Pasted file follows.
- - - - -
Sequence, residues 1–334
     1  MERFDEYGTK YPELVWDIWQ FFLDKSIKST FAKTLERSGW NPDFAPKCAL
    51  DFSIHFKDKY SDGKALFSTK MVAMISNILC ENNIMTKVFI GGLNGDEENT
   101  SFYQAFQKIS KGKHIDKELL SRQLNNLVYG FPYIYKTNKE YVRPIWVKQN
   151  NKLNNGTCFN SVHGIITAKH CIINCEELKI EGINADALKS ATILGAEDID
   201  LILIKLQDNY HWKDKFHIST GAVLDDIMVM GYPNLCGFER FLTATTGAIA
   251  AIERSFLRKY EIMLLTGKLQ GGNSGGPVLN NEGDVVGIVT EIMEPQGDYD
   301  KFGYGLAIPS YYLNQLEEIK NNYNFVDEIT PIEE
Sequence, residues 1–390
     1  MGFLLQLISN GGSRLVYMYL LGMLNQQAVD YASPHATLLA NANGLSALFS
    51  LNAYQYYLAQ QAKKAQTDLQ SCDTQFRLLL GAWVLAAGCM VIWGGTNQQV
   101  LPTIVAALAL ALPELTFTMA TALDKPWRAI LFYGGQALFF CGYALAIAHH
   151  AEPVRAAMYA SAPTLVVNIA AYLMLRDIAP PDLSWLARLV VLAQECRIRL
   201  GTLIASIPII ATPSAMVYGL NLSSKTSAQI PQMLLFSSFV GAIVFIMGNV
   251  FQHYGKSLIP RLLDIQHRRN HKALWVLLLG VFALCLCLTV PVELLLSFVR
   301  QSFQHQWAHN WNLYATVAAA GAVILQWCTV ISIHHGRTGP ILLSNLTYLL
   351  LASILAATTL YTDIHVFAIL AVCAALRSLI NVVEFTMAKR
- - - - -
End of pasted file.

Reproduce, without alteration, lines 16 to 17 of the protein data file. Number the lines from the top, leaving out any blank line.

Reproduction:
   301  QSFQHQWAHN WNLYATVAAA GAVILQWCTV ISIHHGRTGP ILLSNLTYLL
   351  LASILAATTL YTDIHVFAIL AVCAALRSLI NVVEFTMAKR